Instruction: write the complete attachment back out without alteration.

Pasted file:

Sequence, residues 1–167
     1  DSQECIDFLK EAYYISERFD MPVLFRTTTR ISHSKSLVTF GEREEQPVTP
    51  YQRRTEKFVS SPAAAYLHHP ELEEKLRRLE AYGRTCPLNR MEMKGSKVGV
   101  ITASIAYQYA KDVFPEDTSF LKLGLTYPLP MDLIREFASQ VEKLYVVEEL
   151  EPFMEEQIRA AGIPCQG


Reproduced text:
Sequence, residues 1–167
     1  DSQECIDFLK EAYYISERFD MPVLFRTTTR ISHSKSLVTF GEREEQPVTP
    51  YQRRTEKFVS SPAAAYLHHP ELEEKLRRLE AYGRTCPLNR MEMKGSKVGV
   101  ITASIAYQYA KDVFPEDTSF LKLGLTYPLP MDLIREFASQ VEKLYVVEEL
   151  EPFMEEQIRA AGIPCQG